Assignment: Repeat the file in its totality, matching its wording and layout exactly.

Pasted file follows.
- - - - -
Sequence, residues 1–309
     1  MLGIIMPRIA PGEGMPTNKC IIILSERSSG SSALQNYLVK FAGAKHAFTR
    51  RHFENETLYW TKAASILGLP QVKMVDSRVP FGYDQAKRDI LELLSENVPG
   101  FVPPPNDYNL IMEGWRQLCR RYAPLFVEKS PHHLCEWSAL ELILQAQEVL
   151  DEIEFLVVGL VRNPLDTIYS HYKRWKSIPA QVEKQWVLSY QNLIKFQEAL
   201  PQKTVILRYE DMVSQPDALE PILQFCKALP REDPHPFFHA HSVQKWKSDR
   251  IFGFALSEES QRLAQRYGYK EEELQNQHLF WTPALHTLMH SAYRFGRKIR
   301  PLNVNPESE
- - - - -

Sequence, residues 1–309
     1  MLGIIMPRIA PGEGMPTNKC IIILSERSSG SSALQNYLVK FAGAKHAFTR
    51  RHFENETLYW TKAASILGLP QVKMVDSRVP FGYDQAKRDI LELLSENVPG
   101  FVPPPNDYNL IMEGWRQLCR RYAPLFVEKS PHHLCEWSAL ELILQAQEVL
   151  DEIEFLVVGL VRNPLDTIYS HYKRWKSIPA QVEKQWVLSY QNLIKFQEAL
   201  PQKTVILRYE DMVSQPDALE PILQFCKALP REDPHPFFHA HSVQKWKSDR
   251  IFGFALSEES QRLAQRYGYK EEELQNQHLF WTPALHTLMH SAYRFGRKIR
   301  PLNVNPESE